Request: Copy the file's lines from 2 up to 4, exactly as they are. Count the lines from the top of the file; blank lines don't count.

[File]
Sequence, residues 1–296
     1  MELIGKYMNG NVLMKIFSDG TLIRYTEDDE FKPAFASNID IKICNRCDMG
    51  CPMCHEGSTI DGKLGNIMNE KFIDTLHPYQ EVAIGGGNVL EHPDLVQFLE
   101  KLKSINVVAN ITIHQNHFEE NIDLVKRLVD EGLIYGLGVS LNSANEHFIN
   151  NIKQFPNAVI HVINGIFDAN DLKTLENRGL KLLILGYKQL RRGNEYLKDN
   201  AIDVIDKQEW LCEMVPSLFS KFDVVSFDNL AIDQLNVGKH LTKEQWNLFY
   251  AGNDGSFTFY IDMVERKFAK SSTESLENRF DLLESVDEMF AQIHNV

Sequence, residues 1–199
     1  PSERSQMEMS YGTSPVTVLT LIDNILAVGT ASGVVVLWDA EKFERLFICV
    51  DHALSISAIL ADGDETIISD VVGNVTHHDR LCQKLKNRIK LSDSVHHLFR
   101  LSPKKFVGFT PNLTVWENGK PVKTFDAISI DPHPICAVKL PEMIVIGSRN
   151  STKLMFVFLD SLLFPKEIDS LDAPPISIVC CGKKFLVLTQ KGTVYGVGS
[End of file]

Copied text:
     1  MELIGKYMNG NVLMKIFSDG TLIRYTEDDE FKPAFASNID IKICNRCDMG
    51  CPMCHEGSTI DGKLGNIMNE KFIDTLHPYQ EVAIGGGNVL EHPDLVQFLE
   101  KLKSINVVAN ITIHQNHFEE NIDLVKRLVD EGLIYGLGVS LNSANEHFIN